Each year, Verizon releases its Verizon Data Breach Investigations Report, or DBIR. The report details findings Verizon has collected throughout the year regarding incident response activity undertaken by the company. The report is highly anticipated and offers a wealth of information on attackers and their tactics, techniques and procedures (TTPs).
The 2016 report, Verizon’s ninth DBIR, detailed findings from over 64,000 incidents that occurred in 2015. One thing is clear among Verizon’s findings. Stolen credentials are at the core of a startling number of breaches, and serve as a pivot point for attackers to gain access to your organization or embed themselves deeper once they are in. In many cases, credentials were the target of the attacks themselves.
Stolen Credentials: A Core Tactic
Verizon makes a startling statement that 63% of attacks it studied leveraged stolen credentials at some point in the attack. In addition, attackers are increasingly upping their game, often combining the use of stolen credentials with other attack methodologies.
One example detailed by the report is the technique of issuing credentials via a pre-existing foothold within the network, as opposed to from the internet, to increase the chances of avoiding detection. This technique is affirmed in a fascinating recent data dump released to pastebin by a black hat, around the breach of “Hacking Team”, an Italy based security company. A key turning point in that breach involved the use of stolen credentials proxied through an exploited embedded device at the perimeter of the organization.
In some cases, credentials themselves are the target of the attackers, either directly or opportunistically, to be used in later attacks. The report details evidence that attackers will often harvest credentials using malware or other means, exfiltrate them, and use them to attack other organizations.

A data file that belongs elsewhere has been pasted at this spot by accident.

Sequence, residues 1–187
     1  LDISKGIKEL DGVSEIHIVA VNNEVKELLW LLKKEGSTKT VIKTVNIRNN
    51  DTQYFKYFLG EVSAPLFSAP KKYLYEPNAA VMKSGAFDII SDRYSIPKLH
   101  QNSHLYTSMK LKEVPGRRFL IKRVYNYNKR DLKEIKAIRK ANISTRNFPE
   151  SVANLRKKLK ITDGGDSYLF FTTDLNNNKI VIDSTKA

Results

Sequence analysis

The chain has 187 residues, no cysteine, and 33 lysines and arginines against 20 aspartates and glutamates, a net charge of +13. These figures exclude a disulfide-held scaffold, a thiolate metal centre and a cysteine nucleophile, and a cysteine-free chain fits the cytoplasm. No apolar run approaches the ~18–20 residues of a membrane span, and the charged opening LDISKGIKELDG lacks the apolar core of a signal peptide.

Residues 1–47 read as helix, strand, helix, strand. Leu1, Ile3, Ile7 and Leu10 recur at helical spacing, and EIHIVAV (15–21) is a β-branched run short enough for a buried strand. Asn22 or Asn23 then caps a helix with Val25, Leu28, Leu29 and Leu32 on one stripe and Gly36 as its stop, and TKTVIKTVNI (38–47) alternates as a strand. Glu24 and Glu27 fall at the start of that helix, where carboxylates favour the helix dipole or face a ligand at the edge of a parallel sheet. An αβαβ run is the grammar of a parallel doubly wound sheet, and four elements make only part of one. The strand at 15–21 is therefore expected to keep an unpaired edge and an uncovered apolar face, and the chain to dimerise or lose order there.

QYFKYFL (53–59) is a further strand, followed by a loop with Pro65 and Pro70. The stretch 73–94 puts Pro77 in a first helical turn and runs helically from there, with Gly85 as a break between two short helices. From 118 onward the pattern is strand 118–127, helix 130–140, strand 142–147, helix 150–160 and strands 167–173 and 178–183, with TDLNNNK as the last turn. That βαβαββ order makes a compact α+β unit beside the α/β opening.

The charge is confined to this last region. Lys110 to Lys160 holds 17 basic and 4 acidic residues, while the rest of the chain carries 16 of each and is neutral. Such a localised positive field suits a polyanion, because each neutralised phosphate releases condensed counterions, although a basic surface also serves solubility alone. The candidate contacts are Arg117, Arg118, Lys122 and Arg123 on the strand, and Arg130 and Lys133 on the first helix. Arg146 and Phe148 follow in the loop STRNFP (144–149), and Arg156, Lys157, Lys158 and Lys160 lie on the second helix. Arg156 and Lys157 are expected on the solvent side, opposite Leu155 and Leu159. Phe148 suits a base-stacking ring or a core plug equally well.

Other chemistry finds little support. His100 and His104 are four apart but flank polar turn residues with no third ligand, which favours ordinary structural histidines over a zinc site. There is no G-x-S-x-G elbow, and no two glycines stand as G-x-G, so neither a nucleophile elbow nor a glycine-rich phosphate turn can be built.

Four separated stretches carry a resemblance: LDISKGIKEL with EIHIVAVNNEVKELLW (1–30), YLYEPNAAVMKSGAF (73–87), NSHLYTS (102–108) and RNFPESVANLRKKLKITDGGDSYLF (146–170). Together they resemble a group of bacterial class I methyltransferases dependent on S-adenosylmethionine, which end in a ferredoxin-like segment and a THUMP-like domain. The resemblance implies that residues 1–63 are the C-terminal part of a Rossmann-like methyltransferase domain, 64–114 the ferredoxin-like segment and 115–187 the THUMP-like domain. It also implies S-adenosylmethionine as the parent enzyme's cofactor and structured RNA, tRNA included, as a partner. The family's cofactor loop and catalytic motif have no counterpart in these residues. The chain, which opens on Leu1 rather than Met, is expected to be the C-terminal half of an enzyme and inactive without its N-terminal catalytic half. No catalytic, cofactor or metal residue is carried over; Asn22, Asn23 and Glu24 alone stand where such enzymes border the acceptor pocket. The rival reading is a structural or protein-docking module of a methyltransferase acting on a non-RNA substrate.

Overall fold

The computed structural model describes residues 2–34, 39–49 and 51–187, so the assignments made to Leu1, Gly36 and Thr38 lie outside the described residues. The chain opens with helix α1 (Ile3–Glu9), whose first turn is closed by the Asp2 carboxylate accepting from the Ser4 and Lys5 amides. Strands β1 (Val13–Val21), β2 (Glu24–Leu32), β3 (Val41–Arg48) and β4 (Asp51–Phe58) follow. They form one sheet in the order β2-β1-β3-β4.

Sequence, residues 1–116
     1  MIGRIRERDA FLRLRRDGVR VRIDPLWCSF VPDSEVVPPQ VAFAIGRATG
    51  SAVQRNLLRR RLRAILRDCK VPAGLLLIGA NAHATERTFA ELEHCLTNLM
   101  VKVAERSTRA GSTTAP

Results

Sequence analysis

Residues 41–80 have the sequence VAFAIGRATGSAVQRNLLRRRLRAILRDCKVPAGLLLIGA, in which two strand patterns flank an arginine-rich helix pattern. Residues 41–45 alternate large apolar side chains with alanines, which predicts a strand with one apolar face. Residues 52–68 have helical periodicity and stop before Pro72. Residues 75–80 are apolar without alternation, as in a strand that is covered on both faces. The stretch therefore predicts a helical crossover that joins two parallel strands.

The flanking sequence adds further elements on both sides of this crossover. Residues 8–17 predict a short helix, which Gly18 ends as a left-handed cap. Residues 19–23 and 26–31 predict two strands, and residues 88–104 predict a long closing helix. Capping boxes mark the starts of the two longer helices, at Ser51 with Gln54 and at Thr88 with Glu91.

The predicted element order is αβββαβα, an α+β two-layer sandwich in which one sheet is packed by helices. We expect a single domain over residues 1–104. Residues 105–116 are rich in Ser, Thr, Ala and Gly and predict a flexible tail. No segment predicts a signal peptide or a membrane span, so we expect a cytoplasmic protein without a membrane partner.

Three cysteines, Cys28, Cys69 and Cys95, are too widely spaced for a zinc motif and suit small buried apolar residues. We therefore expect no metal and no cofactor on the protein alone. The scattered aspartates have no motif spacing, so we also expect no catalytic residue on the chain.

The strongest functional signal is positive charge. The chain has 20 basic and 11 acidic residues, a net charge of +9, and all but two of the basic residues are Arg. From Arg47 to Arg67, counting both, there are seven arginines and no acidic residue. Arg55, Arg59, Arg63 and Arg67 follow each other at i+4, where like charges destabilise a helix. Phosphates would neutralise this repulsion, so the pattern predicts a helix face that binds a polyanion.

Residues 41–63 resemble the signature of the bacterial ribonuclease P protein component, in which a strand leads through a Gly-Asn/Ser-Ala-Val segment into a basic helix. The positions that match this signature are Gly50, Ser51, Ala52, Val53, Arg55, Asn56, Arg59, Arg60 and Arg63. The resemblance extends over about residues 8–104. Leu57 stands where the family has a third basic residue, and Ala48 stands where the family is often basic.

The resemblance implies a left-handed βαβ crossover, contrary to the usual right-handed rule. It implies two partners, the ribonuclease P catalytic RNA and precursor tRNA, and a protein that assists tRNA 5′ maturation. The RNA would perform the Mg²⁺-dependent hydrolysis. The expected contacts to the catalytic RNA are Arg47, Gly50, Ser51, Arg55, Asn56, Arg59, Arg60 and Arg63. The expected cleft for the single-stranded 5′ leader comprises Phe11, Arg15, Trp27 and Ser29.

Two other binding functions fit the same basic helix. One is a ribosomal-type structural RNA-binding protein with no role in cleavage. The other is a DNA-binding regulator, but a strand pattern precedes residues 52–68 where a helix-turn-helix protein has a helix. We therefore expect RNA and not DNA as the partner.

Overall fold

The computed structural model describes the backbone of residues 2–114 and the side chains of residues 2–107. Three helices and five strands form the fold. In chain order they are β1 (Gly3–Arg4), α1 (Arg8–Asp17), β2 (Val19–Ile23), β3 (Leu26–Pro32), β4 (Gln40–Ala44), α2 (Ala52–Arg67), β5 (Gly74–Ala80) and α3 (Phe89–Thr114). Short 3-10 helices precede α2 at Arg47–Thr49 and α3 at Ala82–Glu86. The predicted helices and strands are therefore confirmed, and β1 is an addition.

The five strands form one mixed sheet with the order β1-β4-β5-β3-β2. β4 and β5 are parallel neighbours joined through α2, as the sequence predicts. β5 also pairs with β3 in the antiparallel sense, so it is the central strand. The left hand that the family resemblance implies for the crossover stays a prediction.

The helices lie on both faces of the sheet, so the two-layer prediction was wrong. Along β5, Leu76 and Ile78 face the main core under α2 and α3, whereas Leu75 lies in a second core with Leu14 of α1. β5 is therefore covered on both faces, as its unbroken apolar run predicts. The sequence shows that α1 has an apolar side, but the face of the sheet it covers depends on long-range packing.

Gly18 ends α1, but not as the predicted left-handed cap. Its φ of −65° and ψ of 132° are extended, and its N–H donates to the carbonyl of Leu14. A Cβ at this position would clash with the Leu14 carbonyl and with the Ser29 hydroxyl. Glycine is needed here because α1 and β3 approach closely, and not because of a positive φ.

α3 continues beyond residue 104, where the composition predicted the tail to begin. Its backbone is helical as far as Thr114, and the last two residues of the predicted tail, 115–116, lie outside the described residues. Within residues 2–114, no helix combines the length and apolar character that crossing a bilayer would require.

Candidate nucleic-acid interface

The Human Element
It’s important to remember that ultimately, there are humans involved on both sides of a breach. Humans are creatures of habit, with behaviors that can be studied, analyzed and in many cases, influenced. So what is behavior anyway? Read this great blog post by SecureAuth CTO Keith Graham.
The DBIR report makes the human element very clear, detailing that phishing is still very much a problem. “Human assets” within an organization are targeted, and a “vector” is selected for which to influence the behavior of the targeted human into doing something they normally wouldn’t do. The attack is then carried out. In the same vein, we can use the human element against attackers. We can analyze the behavior, logical and physical, of our user base and search for deviations. One way to study physical deviations in behavior is through the use of behavioral biometrics. Behavioral biometrics can detect variances in keyboard, mouse and touch dynamics as users interact with systems and devices.
Turning the Tide: Protect, Detect and Respond
The DBIR describes the use of two-factor authentication as a “bar worth raising” to hinder the rising tide of credential abuse. This is sound advice, but two-factor is only part of the journey. As attackers raise the bar, so must we, and that means a multi-layered, adaptive approach to authentication and identity security. We must look at all available attributes of an authentication, both logical and physical.
The report provides disconcerting evidence that the mean time to detection of breaches may also be inching back up, after a decline reported in the 2015 report. A conclusion raised is that the time to compromise, i.e. the time it takes from the launch of an attack campaign to the initial compromise, has become lightning fast. Attackers move to obtain credentials very quickly, and perimeter defenses often lose sight as attackers begin to move laterally within the organization.
Identity security is key to today’s security lifecycle. It is equal in importance to network and endpoint security. It must be considered in all aspects of security: protection through the implementation of strong and adaptive authentication including behavioral biometrics, and detection/response through analysis and correlation of rich data provided by an adaptive authentication engine.